While the number of motorcycles on roads around the world is steadily increasing, safety legislation to protect riders has barely budged over the decades. Considering that cars sold in most parts of the world are required by law to onboard some form of ADAS (advanced driver assistance system) and that motorcycles are involved in 12 percent of US fatal motor vehicle crashes, this is quite surprising.

Motorcycles are both less stable and less easy to spot than cars. Many have powerful engines relative to their size and can reach incredibly high speeds. When motorcycles crash (as they often do), riders don’t have the luxury of a chassis to offer added protection. In the event of a crash, bikers generally come off their bikes and, as statistics show, are far more likely to be injured or killed.

To add fuel to the fire, we are close to having 1 billion motorcycles on roads worldwide (the current figure is  600 million with sales showing no signs of abating). Despite skyrocketing gas prices, a shortage of microchips, and rising inflation (all of which impact manufacturing and transportation costs), the motorcycle industry has seen healthy sales. 40.5 million motorcycles were sold in the first 9 months of 2022 - a rise of 3.7% over the previous year.

In the face of rising motorcycle ownership, why aren’t governments also legislating the use of safety technologies for motorcycles and why aren't they doing more to protect some of the most vulnerable road users?

Keeping Drivers Safe

There is a wealth of legislation designed to protect car drivers. In July 2022, the EU introduced new measures for increasing driver safety including adding technologies for intelligent speed assistance, reversing detection with cameras or sensors, attention warnings in case of driver drowsiness or distraction, and a whole lot more. The cornerstone of these measures, said Margrethe Vestager, Executive Vice-President for a Europe fit for the Digital Age, was to leverage technology to "Help us to increase the level of safety of our cars.” No mention of motorcycles.

In the USA, the NHTSA (National Highway Traffic Safety Administration) launched a campaign to raise awareness about the safety technologies available for cars and encourage their widespread use. No mention of motorcycles.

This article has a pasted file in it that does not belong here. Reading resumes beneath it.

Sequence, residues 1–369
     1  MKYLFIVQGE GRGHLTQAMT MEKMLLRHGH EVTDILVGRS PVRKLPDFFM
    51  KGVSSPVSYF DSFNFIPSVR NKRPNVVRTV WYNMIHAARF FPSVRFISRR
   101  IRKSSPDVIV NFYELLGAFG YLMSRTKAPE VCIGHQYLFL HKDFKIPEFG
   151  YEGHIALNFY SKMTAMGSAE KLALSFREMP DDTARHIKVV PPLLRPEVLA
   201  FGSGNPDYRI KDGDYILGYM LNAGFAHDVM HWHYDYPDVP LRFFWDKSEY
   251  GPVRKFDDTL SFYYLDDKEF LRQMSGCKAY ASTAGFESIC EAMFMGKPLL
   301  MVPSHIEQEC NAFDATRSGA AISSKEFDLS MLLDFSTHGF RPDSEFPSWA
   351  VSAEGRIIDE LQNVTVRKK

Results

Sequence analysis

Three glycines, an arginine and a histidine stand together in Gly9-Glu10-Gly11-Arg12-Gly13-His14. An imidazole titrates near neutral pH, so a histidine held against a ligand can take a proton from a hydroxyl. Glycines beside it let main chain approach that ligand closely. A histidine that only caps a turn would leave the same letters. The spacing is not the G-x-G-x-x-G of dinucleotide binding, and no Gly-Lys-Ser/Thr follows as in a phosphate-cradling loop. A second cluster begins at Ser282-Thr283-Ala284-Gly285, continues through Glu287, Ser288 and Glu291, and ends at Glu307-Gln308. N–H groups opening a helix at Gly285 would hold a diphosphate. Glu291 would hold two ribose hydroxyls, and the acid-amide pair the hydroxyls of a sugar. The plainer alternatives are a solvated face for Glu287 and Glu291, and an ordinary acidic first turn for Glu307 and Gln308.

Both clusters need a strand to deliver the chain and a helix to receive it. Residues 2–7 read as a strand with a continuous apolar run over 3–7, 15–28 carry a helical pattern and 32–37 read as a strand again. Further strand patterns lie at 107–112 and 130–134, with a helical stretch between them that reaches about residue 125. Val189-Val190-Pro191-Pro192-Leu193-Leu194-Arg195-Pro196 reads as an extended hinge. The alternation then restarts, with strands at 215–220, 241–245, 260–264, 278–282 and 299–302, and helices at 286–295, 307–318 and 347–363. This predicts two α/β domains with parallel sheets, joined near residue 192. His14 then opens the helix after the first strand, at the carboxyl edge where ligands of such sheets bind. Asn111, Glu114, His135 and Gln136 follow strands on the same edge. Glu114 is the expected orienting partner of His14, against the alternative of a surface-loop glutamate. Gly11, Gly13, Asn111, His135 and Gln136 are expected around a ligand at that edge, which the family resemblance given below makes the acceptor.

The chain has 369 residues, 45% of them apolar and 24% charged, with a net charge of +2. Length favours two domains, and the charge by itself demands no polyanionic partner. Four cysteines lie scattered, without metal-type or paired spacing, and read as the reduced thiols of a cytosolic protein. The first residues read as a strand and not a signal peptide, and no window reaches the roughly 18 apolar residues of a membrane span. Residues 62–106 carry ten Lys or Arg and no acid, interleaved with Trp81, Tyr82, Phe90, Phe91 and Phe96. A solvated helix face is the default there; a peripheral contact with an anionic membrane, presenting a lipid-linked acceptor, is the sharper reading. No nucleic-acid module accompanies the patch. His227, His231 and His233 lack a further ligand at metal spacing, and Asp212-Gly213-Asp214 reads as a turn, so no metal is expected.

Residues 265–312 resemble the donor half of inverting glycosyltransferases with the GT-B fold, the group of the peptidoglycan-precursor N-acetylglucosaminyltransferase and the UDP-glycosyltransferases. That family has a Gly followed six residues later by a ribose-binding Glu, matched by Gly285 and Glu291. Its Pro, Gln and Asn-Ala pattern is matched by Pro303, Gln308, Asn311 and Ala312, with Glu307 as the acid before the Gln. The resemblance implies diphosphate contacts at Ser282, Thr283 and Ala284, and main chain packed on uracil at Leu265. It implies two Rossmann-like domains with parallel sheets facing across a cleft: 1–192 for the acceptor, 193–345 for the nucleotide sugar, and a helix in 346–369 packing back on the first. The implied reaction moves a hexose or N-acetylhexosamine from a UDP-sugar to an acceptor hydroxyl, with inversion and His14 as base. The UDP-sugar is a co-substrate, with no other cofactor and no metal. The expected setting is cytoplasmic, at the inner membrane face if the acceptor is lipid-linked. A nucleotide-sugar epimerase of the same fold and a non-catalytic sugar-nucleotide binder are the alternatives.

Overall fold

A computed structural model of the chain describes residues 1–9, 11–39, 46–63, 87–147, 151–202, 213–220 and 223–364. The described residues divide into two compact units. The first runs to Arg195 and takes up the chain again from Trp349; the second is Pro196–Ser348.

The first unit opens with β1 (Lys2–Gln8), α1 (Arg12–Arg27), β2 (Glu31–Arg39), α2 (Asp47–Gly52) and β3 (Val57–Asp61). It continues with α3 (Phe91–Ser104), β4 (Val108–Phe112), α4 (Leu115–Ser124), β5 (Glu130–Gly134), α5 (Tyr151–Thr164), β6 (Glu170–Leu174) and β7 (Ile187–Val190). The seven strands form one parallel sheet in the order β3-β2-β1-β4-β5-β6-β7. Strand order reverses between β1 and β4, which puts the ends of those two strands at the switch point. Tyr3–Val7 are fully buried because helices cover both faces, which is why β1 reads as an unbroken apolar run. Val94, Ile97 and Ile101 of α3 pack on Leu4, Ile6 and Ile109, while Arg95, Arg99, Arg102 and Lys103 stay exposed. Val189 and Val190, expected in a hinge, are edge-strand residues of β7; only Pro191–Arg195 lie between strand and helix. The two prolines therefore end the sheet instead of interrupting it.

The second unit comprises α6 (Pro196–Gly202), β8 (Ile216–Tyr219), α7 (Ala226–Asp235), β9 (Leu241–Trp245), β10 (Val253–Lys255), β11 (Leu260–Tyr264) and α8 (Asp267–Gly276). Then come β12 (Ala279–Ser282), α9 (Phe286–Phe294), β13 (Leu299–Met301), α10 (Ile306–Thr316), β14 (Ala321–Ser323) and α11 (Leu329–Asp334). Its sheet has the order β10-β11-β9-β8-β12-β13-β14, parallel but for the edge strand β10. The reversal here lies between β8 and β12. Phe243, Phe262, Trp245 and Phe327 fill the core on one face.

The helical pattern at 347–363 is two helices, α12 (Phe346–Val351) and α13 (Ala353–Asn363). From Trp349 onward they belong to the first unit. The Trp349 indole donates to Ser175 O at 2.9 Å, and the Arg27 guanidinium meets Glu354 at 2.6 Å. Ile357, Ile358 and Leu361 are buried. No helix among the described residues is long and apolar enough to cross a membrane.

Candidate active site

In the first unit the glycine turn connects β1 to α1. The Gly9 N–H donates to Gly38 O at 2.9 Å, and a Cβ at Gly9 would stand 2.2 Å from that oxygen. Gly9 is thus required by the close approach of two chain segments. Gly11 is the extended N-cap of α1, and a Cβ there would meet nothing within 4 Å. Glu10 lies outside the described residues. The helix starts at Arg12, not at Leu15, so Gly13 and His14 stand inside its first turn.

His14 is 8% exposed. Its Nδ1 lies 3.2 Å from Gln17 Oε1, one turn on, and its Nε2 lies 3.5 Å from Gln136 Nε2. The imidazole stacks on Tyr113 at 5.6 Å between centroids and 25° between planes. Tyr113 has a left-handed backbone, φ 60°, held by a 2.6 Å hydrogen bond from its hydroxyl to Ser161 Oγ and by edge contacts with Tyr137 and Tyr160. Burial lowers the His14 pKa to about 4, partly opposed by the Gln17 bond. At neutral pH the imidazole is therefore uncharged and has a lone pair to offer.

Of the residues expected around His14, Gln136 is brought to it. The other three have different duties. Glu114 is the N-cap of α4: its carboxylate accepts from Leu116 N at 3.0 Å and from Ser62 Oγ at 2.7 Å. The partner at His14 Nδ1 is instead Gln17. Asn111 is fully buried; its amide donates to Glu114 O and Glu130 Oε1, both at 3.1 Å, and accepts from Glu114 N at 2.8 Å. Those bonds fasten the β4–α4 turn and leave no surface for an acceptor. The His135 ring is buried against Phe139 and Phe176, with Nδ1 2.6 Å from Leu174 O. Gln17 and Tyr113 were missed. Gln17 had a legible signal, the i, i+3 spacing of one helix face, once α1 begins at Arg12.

In Israel, all new cars have been required to come installed with a driver-assistance system since 2017. Again, no mention of motorcycles.

Stability control technology, which includes ABS brakes and anti-skid technology, has been proven to save lives. These features have been mandated in all new cars in Europe since 2014. Unfortunately, this is not the same for motorcycles.

ADAS are becoming a standard for cars

ADAS are technological solutions aimed at reducing the human errors that cause vehicle accidents. There are many different types of ADAS on the market but, broadly speaking, they alert drivers to dangers and obstacles, e.g., lane changes, blind spot data, and more.

In most countries, there are governmental organizations that promote vehicle safety and make recommendations that then go on to become legislation. Most of these organizations recommend that ADAS be incorporated into cars, trucks, and buses from the time of manufacture. They don’t mention motorcycles.

Is a helmet enough?

It’s not easy to find examples of legislation that has been passed to protect motorcycle riders and that might be because the legislation still needs to be devised.

When it comes to motorcycles, the limited legislation that does exist covers helmet use and eye protection, and in certain countries, the use of ABS brakes, MSC motorcycle stability control, or traction control.  In 2019, the EU passed regulations that require anti-lock braking systems on new motorcycles of more than 125 cm3. However, the same set of laws stated that on a 2-wheeled motorcycle under 125 cm3, anti-lock brakes are not needed – a pity as drivers of smaller motorcycles are no less vulnerable than those of larger ones.

In the United States, many of the laws about motorcycle rider safety cover safety apparel. These items protect a rider in the event of an accident, but unlike ADAS, they can do nothing to try and prevent the accident from happening in the first place.

The protective apparel required by the NHTSA includes a Federal Motor Vehicle Safety Standard (FMVSS) 218-compliant helmet, heavy-duty jacket and pants, boots, gloves, and eye protection. In a recent safety report, the US National Transportation Safety Board recommended mandatory ABS brakes on all motorcycles, but, like all the recommendations, these are merely suggestions and not laws.

The gap between the legal safety requirements for cars and motorcycles is staggering and unnecessary.

Safety for motorcycles, what’s next?

It's not that there are no safety regulations for motorcycles, it's just that the regulations are sparse and do not cover the use of the most advanced technologies as they do for cars. Perhaps historically, there were more cars on the roads, so this was the logical place to begin, but in recent years motorcycles are clearly outstripping cars on the roads – especially in urban settings where congestion and parking issues make motorcycle ownership a more practical choice.

Ride Vision was founded to bridge the gap and provide ADAS or ARAS (Advanced Rider Assistance Systems) solutions for motorcycles. Ride Vision is an advanced AI-based collision avoidance solution that has been designed specifically for motorcycles. The lightweight and unobtrusive system can be incorporated into any make or model of bike and provides vital warnings in real time to help riders respond to dangers and avoid collisions or accidents.

It's time to raise awareness about technologies that can prevent motorcycle accidents and deaths and get some laws in place to ensure everyone has a chance to use them.

Written by Abi Solomon, VP of Marketing at Ride Vision